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    Media Statements

    Coat of ArmsMedia Release
    Attorney-General and Minister for Justice
    The Honourable Jarrod Bleijie

    Asbestos overhaul to make worksites safer

    Attorney-General and Minister for Justice
    The Honourable Jarrod Bleijie

    Thursday, April 03, 2014

    Asbestos overhaul to make worksites safer

    Queensland homes and worksites will be safer under a new asbestos management strategy that will be the most comprehensive and rigorous of its kind in Australia.

     Attorney-General and Minister for Justice Jarrod Bleijie said the Statewide Strategic Plan for the Safe Management of Asbestos in Queensland focused on effective cooperation with local councils, education and enforcement.

     “This comprehensive strategy will mean safer workplaces, safer homes and safer communities,” Mr Bleijie said.

     “The health risks of asbestos are tragically real and managing it effectively and safely is vital.

     “Just one example of the importance of safer asbestos management is the story of Adam Sager, who was unknowingly exposed to asbestos when he was 18 months old and died of mesothelioma at age 25.

     “Sadly, despite the dangers, effective management of this substance has been hampered in the past by confusion and jurisdictional quibbling, which the former Labor Government never bothered to fix.

     “Right now, the handling of asbestos complaints and issues is administered by four different State Government departments, 73 local councils and numerous other government agencies.

     “Our new strategy will cut through the confusion and bureaucracy by creating a clear set of responsibilities.

     “Workplace incidents will be handled by the State Government and local councils will cover complaints about private residences.

     “A simple agreement over who does what clears the way for faster, more effective responses and that’s just one piece of our overhaul.

     “Ensuring and enforcing compliance forms an important part of the strategy, which includes a range of initiatives that ensures people follow safety regulations and cracks down on those who don’t.”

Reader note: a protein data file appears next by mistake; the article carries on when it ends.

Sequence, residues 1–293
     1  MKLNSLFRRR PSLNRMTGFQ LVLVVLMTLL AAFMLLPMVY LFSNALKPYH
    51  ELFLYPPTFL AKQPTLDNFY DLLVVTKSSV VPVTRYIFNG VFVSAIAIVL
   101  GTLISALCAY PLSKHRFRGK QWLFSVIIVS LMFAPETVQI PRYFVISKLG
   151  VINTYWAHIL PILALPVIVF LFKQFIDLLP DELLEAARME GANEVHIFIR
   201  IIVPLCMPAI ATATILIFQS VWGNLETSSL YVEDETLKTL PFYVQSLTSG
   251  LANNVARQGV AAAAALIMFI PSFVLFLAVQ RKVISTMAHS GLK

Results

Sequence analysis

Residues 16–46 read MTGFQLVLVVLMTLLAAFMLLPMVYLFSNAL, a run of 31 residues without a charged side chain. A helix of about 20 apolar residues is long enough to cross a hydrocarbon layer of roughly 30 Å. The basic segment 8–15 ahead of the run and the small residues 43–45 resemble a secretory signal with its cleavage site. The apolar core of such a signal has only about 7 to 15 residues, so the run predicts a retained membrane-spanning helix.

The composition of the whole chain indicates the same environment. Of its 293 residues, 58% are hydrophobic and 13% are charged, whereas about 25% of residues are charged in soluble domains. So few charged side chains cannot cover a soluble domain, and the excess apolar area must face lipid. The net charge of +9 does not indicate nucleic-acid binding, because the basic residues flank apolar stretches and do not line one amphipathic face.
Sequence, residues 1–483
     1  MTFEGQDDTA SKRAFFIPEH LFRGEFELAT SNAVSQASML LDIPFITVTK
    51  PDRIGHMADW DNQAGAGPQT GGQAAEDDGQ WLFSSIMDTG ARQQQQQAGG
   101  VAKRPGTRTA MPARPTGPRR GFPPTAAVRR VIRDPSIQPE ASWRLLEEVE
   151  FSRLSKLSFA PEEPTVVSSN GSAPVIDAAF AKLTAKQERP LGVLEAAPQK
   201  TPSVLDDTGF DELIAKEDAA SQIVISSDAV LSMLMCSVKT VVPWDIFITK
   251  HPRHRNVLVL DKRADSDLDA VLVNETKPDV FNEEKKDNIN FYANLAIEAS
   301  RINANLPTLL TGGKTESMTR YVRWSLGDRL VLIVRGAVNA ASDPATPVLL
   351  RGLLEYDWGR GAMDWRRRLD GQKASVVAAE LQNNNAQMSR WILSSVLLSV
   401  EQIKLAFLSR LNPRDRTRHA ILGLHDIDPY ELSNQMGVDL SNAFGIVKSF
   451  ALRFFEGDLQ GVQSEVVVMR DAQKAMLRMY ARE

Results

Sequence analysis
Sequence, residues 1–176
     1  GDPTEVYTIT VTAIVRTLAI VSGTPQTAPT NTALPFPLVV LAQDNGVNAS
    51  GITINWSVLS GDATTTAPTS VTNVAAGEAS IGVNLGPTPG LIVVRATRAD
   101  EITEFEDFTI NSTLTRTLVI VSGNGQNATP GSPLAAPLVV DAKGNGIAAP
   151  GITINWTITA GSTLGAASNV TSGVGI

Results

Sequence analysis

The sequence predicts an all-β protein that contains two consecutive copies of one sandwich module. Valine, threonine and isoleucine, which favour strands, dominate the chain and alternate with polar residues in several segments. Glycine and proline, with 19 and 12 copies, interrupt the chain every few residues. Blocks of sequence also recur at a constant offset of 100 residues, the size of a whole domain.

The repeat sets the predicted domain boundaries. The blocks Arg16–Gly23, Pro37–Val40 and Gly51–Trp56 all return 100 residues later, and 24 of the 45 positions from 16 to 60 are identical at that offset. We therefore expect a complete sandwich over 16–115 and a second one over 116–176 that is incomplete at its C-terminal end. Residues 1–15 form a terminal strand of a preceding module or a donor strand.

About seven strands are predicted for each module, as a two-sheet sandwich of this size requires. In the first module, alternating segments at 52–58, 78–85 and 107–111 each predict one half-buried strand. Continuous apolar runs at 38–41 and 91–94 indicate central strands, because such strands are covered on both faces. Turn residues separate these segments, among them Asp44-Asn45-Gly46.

They include:

    • A review of the suitability of existing penalties and enforcement tools available to Workplace Health and Safety (WHS) inspectors
    • Strengthening the administration of asbestos licensing, including a process for suspending or cancelling an asbestos licence where a licence holder contravenes the legislation.
    • Creating a public online register of WHS asbestos license holders so Queenslanders can check the licensing and compliance records of contractors.

    “Better education will also be a major part of this new strategy. A range of educational materials will be rolled out, including a series of short films which will explain to DIY home owners and businesses their legal obligations for managing and removing asbestos containing materials,” he said.

    “There will be no excuse in the future for people disposing of asbestos illegally or not having the correct licenses or safety equipment. Those who don’t comply will face consequences.”

    “Workplace Health and Safety will also continue to carry out targeted compliance and enforcement programs.

    “We are committed to making Queensland workplaces the safest in Australia and this new strategy will go a long way to achieving that.”

    For more information on the strategy and a high definition video of “Losing Breath – The Adam Sager Story”, visit

    [ENDS] 3 April 2014

    Media Contact: Ashley McDermid 0412 731 355 or Jaime Wells 0409 624 139